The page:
Figure 1. Elgin compared these two Coloborhynchus pelves together, but failed to align them, scale them and add back missing bone.

Figure 2. Elgin compared these two Coloborhynchus pelves together, but failed to align them, scale them and add back missing bone.

Elgin was also tricked by
traditional archosaur patterns and paradigms in ontogeny. He expected sutures to close at adulthood. This tricked up Bennett, too. Instead, since pterosaurs are lepidosaurs, sometimes they do, sometimes they never do, and sometimes they fuse sutures before maturity and reading their final size. It’s all phylogenetic, not ontogenetic with lepidosaurs, including pterosaurs.

Figure 2. Coloborhynchus robustus (bones and outlines from Elgin 2014) compared to C. spielbergi (b&w). Notes added.

Figure 3. Coloborhynchus robustus (bones and outlines from Elgin 2014) compared to C. spielbergi (b&w). Notes added.

Elgin described and did not illustrate the missing wing finger:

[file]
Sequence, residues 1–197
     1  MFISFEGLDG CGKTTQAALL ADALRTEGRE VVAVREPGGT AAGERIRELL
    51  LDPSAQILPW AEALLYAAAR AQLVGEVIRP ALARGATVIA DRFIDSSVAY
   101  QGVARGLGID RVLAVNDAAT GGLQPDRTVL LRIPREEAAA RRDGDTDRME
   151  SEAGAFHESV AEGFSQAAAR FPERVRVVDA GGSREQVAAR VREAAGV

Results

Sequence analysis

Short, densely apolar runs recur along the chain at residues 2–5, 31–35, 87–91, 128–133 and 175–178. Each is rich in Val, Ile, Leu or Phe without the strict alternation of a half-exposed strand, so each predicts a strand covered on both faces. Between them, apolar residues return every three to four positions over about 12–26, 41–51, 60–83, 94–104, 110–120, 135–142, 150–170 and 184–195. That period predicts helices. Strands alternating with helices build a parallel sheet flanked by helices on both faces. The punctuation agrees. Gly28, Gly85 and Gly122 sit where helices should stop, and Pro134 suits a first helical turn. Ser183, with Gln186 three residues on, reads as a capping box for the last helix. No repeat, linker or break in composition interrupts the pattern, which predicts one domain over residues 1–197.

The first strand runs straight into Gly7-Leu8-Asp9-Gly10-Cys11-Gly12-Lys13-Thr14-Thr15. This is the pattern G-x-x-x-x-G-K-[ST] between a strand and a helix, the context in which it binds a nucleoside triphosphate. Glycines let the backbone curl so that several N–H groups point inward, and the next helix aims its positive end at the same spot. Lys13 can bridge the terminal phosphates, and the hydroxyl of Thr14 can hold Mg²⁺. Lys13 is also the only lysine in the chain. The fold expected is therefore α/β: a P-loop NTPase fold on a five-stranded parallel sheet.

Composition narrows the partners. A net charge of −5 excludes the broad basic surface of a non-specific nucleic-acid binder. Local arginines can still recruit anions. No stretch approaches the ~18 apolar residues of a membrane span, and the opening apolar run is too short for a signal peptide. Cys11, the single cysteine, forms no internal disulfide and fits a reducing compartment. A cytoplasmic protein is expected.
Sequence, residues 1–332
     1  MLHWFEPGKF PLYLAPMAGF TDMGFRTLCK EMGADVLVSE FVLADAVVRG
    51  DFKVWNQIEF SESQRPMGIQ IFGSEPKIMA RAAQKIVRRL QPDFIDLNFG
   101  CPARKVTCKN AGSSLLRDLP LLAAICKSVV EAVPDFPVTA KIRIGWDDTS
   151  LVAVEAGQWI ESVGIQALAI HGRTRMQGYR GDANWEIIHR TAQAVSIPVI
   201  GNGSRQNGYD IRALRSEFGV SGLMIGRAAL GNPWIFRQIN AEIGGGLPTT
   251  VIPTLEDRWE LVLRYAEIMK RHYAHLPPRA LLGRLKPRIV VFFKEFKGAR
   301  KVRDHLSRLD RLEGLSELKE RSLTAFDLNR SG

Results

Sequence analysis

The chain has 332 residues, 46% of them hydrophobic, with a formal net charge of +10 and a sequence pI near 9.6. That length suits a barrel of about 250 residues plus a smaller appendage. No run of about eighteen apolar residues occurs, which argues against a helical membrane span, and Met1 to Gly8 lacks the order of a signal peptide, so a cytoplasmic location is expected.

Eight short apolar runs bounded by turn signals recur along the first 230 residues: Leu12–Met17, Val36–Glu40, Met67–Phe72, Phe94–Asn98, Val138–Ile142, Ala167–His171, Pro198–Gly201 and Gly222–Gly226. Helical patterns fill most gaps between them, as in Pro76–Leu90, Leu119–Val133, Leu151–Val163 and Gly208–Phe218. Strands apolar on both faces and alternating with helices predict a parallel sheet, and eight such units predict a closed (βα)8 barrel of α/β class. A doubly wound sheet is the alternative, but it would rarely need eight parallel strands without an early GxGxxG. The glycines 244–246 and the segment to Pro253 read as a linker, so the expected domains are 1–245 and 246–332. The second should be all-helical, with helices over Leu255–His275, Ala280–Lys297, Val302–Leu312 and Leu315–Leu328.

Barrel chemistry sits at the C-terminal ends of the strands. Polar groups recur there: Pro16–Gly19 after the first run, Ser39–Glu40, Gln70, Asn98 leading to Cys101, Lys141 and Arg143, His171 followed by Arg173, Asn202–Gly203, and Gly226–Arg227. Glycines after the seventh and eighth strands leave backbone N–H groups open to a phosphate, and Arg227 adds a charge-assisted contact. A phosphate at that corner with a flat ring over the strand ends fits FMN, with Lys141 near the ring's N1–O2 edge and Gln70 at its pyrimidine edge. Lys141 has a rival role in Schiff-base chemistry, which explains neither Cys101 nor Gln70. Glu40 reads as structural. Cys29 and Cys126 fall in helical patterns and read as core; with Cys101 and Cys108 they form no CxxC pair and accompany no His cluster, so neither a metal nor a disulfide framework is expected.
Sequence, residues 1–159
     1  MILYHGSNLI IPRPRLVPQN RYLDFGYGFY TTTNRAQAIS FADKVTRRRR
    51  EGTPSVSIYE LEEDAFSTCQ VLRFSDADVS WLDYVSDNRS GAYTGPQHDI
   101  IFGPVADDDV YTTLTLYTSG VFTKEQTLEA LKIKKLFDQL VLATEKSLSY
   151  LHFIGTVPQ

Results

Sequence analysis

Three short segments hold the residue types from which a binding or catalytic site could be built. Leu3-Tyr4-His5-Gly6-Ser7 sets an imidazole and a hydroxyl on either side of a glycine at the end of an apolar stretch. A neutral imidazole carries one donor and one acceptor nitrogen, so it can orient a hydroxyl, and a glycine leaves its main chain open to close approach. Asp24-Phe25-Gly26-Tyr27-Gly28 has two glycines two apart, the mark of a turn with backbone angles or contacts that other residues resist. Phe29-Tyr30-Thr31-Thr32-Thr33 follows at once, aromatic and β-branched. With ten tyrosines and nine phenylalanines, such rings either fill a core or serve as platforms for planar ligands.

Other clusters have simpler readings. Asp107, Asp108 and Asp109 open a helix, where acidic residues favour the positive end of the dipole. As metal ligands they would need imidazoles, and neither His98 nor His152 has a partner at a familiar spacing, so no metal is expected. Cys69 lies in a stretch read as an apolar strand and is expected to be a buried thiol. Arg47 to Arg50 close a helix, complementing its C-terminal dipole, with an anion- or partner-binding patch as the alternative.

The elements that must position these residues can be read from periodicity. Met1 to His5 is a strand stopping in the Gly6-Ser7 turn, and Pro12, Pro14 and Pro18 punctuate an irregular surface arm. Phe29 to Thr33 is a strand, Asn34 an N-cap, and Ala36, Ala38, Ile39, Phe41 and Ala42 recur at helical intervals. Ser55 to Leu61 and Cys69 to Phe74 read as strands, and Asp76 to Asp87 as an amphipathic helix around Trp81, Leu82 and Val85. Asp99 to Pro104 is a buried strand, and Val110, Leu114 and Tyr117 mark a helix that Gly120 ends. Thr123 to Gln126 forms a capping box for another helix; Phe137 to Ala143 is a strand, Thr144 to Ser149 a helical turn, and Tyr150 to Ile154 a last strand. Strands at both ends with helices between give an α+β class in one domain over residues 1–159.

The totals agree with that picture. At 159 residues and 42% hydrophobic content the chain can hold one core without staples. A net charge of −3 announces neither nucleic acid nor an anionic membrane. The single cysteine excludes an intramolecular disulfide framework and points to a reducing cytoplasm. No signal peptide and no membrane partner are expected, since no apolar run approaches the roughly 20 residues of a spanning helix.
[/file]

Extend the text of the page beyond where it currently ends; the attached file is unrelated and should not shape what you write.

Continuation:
“The wing finger phalanges in almost all pterosaurs are similar in form with expanded proximal and distal margins, the shafts of which show various degrees of curvature. Those preserved in SMNK PAL 1133 are not exception and agree well with other descriptions of pterodactyloids.” This description can only be the result of naiveté and inexperience. In reality phalanx proportions change between genera and species. It would have been helpful to see the wing finger of C. robustus since the C. spielbergi wing finger is missing.

Elgin 2014 mistakenly considered

  1. pterosaurs to be archosauromorphs.
  2. anurognathids to be basal pterodactyloids
  3. Darwinopterus to be ‘an animal intermediate’ linking basal to derived pterosaurs

These issues are resolved and settled